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The upper-class owner of a gallery, Catherine Lelievre, hires the efficient and quiet maid Sophie to work in the family manor in the French countryside...
For more about La Cérémonie and the La Cérémonie Blu-ray release, see La Cérémonie Blu-ray Review published by Dr. Svet Atanasov on July 2, 2012 where this Blu-ray release scored 4.0 out of 5.
Starring: Isabelle Huppert, Sandrine Bonnaire, Jacqueline Bisset, Virginie Ledoyen, Dominique Frot, Julien Rochefort
Director: Claude Chabrol
» See full cast & crew
La Cérémonie Blu-ray Review
Reviewed by Dr. Svet Atanasov, July 2, 2012
Winner of Volpi Cup and Pasinetti Award for Best Actress at the Venice Film Festival, Claude Chabrol's "La Ceremonie" (1995) arrives son Blu-ray courtesy of British distributors Artificial Eye. The only supplemental feature included on this release is an original French theatrical trailer. In French, with optional English subtitles for the main feature. Region-B "locked".
Sophie (Sandrine Bonnaire, Vagabond, À Nos Amours) is interviewed for a job she desperately needs. The job is simple - cleaning and cooking in a lavish home somewhere in the French countryside - but Catherine (Jacqueline Bisset, Day for Night, The Deep) wants to make sure that this time she hires an experienced maid who will please her husband Georges (Jean-Pierre Cassel, Army of Shadows, The Discreet Charm of the Bourgeoisie). The last one they had was nice, but wasn't experienced, and eventually drove Georges crazy.
Despite having some minor reservations, Catherine hires Sophie. She shows her the house and then introduces her to Georges and the children, Melinda (Virginie Ledoyen, In All Innocence, Bon Voyage) and Gilles (Valentin Merlet). After a couple of days, while having diner everyone agrees that Sophie is very professional, simply perfect for the house.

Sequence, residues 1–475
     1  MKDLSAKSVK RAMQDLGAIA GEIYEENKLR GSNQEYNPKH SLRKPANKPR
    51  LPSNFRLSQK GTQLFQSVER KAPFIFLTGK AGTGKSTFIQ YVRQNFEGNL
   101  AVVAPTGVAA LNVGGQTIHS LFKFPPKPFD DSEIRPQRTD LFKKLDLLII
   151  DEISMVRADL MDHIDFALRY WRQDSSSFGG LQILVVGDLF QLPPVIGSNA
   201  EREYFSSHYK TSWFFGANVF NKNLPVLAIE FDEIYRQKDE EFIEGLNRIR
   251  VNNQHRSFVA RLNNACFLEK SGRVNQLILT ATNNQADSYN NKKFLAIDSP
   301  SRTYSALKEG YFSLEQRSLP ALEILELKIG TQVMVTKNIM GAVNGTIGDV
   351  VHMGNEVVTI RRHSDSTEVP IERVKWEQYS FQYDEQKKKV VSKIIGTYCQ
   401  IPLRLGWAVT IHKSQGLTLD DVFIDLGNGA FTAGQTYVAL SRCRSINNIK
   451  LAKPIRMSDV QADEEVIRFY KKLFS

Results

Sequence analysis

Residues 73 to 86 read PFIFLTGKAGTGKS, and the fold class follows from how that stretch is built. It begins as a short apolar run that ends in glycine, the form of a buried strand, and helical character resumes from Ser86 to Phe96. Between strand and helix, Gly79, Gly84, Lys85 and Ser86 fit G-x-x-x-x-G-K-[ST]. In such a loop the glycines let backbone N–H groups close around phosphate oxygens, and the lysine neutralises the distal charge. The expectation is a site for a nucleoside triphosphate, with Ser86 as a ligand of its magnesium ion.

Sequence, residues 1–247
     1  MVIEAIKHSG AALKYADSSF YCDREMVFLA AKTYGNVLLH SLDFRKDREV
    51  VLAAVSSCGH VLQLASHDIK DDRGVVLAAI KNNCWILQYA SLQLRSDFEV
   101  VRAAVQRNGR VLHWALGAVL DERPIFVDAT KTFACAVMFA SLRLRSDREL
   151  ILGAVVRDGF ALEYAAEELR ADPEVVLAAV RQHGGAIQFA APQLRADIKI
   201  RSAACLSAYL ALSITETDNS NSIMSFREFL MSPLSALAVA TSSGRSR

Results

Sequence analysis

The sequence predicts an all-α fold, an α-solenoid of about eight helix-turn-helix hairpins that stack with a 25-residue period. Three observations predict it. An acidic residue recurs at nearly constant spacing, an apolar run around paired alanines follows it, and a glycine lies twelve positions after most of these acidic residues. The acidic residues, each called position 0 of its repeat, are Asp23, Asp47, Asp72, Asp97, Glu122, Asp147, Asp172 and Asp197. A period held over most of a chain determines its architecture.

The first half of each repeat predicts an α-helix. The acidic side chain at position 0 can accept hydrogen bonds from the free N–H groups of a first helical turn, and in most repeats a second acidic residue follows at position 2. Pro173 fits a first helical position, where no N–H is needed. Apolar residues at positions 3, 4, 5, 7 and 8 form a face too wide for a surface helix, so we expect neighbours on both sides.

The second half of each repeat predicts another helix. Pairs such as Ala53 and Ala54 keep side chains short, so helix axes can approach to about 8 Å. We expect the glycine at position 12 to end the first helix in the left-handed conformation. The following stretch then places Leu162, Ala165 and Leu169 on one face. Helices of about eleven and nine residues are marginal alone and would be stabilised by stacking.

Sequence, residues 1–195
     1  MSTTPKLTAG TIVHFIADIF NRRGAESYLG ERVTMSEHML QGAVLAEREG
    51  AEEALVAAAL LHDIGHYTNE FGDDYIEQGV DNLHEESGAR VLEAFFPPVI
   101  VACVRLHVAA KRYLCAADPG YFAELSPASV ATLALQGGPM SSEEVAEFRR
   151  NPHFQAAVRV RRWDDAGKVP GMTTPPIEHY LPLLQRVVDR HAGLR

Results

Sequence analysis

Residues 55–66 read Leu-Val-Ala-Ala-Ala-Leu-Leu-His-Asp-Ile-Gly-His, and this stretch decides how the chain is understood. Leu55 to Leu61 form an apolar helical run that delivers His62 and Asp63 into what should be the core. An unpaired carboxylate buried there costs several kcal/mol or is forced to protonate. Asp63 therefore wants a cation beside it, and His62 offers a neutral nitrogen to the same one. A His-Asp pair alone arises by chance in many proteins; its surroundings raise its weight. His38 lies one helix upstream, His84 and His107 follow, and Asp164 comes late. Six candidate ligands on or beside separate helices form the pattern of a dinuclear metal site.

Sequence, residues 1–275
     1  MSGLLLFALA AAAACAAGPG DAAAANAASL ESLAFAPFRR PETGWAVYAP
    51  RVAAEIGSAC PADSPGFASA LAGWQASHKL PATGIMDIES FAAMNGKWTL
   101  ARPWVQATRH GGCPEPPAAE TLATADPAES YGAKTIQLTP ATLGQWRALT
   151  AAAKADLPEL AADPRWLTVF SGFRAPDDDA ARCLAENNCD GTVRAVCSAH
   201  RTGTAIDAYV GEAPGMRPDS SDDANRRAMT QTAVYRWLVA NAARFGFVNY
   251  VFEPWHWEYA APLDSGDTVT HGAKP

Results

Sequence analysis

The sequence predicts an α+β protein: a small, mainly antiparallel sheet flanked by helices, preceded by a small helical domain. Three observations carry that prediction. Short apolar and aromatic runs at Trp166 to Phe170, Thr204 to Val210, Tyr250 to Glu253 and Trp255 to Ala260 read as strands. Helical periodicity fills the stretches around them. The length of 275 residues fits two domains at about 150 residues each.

Things get complicated when Catherine hands Sophie a shopping list. She reacts in a way that at first surprises and then confuses everyone - she panics and later on confesses that she can't see well. When Georges offers to pay for an eye exam, she panics again. Eventually, she agrees to go to the nearby town and see a specialist.
But instead of seeing the eye specialist Georges has suggested and agreed to pay for, Sophie spends the entire day walking around and exploring the town. In a small deli she eventually meets Jeanne (Isabelle Huppert, Ma mere, Les soeurs Brontë), a friendly and very energetic woman who works in the local post office. The two agree to meet again.
The more time the two women spend together, the more they realize that they have plenty in common. They have both dealt with personal tragedies but managed to rebuild their lives. Both also make barely enough to make ends meet.
Eventually, Georges warns Sophie to stop bringing Jeanne to the house. One of many reasons why he does not like seeing her around is the fact that has routinely been opening his mail. But Sophie refuses, and thus unleashes a tragic chain of events.
La Ceremonie is a near perfect film by the French Hitchcock, director Claude Chabrol, a critic turned filmmaker who in the early 1950s contributed to the famous film magazine Cahiers du Cinéma together with Jacques Rivette, François Truffaut, Éric Rohmer, and Jean-Luc Godard. Inspired by Hitchcock's Shadow of a Doubt, Le beau Serge is nowadays widely considered to be the first film of the French New Wave.
Based on Ruth Rendell's novel "A Judgment in Stone", La Ceremonie is a film with two different identities. Part of it targets class inequality and argues that wealth can effectively detach one from reality. There is no specific political talk in it, but Chabrol isn't shooting blanks - the film satirizes the French bourgeois lifestyle and cultural practices very well.